Name: Spencer Kelly
Class Year: Senior
Major: Corporate Finance & Accounting
Position: Reinsurance Accounting Intern
Company: F&I Resources, Inc.
Can you describe your career path for me? (This may include HS jobs, internships, etc.)
All through high school and during my first year at Bentley, I worked for a small, family-owned Toyota dealer back in Maine. Most of the work I did was not glamorous, but it taught me the value of hard work and the importance of small businesses in our economy and in our communities. My last year working at the dealership, I was introduced to a man named Bob. Bob was the vice president of a consulting firm that specialized in helping car dealers improve sales operations and selling after-market insurance products. After speaking with Bob on several occasions, he asked if I had any interest in a summer internship in his company’s accounting department.
For the past two summers, I have worked at F&I Resources as an accounting intern. My experience with F&I inspired me to pursue my CPA and has shown me to practical applications of everything I have learned in the classroom at Bentley.
How did you become interested in this career?
Before my internship with F&I, I thought I was going to go into wealth management. Frankly, I thought accounting was pretty boring, especially when learning it out of a textbook. After two years of actually working under a CPA and seeing the practical application, I now understand how accounting is a dynamic field and is a trade that can provide steady working hours and a great living.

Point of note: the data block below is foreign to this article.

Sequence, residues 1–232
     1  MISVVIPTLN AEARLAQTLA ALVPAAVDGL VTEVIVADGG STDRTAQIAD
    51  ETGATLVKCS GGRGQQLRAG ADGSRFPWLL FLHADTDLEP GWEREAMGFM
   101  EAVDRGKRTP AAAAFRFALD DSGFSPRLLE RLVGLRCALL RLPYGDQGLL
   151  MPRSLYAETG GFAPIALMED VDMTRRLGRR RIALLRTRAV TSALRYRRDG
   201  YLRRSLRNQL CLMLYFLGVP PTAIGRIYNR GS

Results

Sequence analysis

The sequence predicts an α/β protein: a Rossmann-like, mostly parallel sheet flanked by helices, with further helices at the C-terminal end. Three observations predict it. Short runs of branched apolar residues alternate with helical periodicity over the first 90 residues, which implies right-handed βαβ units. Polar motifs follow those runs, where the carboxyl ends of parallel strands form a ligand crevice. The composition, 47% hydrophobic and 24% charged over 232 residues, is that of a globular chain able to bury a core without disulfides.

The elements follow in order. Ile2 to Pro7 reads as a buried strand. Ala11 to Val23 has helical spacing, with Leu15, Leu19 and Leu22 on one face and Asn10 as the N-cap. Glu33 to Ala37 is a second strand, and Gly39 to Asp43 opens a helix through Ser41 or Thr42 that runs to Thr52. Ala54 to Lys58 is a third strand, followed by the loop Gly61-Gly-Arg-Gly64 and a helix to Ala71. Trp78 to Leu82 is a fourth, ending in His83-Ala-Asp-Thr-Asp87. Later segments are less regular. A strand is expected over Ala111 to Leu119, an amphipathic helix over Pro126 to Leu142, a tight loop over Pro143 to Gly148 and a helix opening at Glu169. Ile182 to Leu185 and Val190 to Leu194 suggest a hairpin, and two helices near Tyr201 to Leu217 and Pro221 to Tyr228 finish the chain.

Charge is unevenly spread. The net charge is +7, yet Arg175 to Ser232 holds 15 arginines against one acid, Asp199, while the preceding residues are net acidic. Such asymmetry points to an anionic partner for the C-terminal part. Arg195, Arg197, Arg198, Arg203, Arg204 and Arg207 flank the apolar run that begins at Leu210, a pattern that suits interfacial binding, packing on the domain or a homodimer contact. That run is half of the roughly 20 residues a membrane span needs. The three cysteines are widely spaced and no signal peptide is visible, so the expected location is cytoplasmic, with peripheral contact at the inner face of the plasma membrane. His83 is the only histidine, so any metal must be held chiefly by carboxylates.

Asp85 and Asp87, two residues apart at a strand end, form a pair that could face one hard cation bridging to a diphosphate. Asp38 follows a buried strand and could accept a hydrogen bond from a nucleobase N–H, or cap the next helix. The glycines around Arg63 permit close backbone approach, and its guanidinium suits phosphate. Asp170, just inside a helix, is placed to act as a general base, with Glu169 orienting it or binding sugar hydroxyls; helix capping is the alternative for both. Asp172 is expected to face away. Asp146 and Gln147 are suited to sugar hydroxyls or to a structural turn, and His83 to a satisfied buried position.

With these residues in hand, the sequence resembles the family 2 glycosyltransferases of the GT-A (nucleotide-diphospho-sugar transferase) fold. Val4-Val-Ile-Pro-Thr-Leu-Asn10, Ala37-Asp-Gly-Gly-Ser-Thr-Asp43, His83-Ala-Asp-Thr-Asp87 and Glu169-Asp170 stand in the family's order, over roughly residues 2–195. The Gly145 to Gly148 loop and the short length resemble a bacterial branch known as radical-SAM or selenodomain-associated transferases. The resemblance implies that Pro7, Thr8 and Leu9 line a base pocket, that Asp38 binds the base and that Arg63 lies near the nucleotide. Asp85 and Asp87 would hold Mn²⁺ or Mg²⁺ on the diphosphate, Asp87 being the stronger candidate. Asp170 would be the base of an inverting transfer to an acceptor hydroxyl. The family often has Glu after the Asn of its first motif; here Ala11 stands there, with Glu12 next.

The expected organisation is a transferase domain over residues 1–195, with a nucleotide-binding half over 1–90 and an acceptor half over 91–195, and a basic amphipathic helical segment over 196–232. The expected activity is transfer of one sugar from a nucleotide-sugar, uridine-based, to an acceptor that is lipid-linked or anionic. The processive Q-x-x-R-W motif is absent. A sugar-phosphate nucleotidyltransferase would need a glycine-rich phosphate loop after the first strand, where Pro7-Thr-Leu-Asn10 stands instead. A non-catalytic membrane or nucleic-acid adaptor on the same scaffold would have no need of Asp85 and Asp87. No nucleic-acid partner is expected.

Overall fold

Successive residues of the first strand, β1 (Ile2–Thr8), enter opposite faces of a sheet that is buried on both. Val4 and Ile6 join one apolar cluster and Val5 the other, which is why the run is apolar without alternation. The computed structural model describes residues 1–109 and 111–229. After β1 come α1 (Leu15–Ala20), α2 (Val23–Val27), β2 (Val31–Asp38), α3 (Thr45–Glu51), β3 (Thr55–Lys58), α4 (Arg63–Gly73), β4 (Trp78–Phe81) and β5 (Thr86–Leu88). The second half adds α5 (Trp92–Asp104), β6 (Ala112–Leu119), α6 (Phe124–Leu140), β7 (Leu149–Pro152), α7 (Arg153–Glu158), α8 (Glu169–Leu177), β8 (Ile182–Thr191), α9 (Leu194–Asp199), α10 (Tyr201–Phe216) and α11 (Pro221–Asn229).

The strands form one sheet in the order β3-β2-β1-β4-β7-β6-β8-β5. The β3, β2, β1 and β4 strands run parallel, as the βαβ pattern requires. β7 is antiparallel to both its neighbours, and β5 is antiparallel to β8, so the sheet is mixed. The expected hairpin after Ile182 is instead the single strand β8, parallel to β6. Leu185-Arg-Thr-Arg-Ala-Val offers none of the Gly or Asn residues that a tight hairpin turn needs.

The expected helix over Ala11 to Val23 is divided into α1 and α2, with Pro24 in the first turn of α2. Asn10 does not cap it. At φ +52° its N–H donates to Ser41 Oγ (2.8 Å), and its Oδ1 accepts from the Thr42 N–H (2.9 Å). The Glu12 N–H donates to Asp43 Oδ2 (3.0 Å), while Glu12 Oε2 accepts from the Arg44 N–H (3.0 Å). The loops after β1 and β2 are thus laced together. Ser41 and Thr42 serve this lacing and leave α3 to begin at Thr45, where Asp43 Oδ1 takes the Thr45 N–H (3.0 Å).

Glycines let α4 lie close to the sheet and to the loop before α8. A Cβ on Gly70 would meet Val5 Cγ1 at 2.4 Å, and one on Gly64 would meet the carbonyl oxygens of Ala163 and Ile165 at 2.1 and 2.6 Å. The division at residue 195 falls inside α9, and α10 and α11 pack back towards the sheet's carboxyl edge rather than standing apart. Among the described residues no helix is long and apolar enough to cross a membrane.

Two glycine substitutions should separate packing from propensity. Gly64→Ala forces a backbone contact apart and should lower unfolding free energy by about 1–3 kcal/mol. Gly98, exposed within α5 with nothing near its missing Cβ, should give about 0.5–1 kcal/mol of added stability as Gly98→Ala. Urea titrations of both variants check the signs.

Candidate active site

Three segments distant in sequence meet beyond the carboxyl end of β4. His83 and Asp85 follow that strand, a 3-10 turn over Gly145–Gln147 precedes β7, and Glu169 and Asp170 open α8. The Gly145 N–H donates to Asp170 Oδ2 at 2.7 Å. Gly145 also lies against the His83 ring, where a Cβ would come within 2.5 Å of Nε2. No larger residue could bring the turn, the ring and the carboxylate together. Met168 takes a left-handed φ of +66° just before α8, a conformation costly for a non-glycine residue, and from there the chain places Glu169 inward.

What aspects of your position do you find most rewarding?
I worked for a small company, and I was the only accounting intern. The company could not afford to give me busy work. For the most part, all the projects I did were actually used by my superiors to help the company provide a greater service for our clients.
What aspects do you find most challenging?
Accounting is not always what you would call “fun.” Accounting demands great attention to detail and often requires long hours of staring at a screen or a piece of paper with tiny numbers you are supposed to make some sense of. All that being said, I could not imagine a better way of making a living.
What advice do you have for someone preparing to enter this career?
I have three pieces of advice. 1) Network. Do not be afraid to go out of your way to shake people’s hands because you never know where the next opportunity could come from. 2) Be kind to those who report to you. Tell them when they are doing a good job, and encourage them when they need to do better. The greater respect you show to them, the harder they will work for you. 3) Get up and stretch every once and while—it’s good for your back and for your mental health.
Are there any Bentley specific courses or resources you would recommend to help someone pursue this career?
Everyone should take CDI 101 and 201 at the very least. These courses do not count toward your GPA, but they provide you with an understanding of where your strengths lie and how to conduct yourself in the business world. All of the information you gain in these classes are directly transferable to your professional life regardless of your field.
Who is one person at Bentley that helped you get where you are today?
Kristine Vidic. I took Kristine’s CDI 201 class my sophomore year where she helped me understand my strengths and why I should choose corporate finance as a major. Everything Kristine taught me I used to get my internship and plan for my life post-graduation. Kristine is the nicest person, and I encourage all underclassmen to make an appointment to talk with her.